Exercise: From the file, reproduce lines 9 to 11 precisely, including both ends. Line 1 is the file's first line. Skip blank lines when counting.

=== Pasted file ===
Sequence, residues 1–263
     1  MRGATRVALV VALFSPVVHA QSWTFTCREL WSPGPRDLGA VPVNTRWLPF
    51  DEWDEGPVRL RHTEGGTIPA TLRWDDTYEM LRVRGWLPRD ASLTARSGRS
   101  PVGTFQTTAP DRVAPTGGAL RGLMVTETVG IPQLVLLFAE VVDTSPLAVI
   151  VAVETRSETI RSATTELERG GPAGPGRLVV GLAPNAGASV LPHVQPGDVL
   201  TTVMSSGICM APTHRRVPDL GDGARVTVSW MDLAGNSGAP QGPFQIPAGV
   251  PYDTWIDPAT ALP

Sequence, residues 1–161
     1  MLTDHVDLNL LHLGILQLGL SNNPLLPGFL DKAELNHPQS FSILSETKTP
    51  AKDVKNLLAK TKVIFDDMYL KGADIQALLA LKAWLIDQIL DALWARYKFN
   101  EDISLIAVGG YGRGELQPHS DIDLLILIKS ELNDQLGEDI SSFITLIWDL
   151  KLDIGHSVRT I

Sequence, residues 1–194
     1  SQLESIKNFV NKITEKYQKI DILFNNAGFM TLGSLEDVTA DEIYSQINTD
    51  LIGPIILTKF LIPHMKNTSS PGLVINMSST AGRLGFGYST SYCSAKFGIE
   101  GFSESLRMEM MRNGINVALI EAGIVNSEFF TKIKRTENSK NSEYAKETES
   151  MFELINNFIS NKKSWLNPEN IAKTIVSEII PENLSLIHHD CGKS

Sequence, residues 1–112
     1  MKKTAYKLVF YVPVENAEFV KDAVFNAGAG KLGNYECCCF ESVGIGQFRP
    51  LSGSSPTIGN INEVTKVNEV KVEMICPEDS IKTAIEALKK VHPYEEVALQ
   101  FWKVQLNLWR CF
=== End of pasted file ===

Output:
     1  MLTDHVDLNL LHLGILQLGL SNNPLLPGFL DKAELNHPQS FSILSETKTP
    51  AKDVKNLLAK TKVIFDDMYL KGADIQALLA LKAWLIDQIL DALWARYKFN
   101  EDISLIAVGG YGRGELQPHS DIDLLILIKS ELNDQLGEDI SSFITLIWDL